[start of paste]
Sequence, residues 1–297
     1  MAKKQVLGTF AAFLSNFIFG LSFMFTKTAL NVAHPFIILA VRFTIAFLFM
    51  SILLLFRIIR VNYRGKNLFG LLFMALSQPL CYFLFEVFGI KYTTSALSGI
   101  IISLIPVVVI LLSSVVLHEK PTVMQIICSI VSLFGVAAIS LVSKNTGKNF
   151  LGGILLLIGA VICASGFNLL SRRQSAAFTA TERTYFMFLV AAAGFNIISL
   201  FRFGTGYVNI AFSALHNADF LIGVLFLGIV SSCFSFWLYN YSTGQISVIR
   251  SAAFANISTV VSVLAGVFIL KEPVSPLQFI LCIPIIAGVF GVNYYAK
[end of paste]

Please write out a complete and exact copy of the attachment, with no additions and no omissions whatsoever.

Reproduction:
Sequence, residues 1–297
     1  MAKKQVLGTF AAFLSNFIFG LSFMFTKTAL NVAHPFIILA VRFTIAFLFM
    51  SILLLFRIIR VNYRGKNLFG LLFMALSQPL CYFLFEVFGI KYTTSALSGI
   101  IISLIPVVVI LLSSVVLHEK PTVMQIICSI VSLFGVAAIS LVSKNTGKNF
   151  LGGILLLIGA VICASGFNLL SRRQSAAFTA TERTYFMFLV AAAGFNIISL
   201  FRFGTGYVNI AFSALHNADF LIGVLFLGIV SSCFSFWLYN YSTGQISVIR
   251  SAAFANISTV VSVLAGVFIL KEPVSPLQFI LCIPIIAGVF GVNYYAK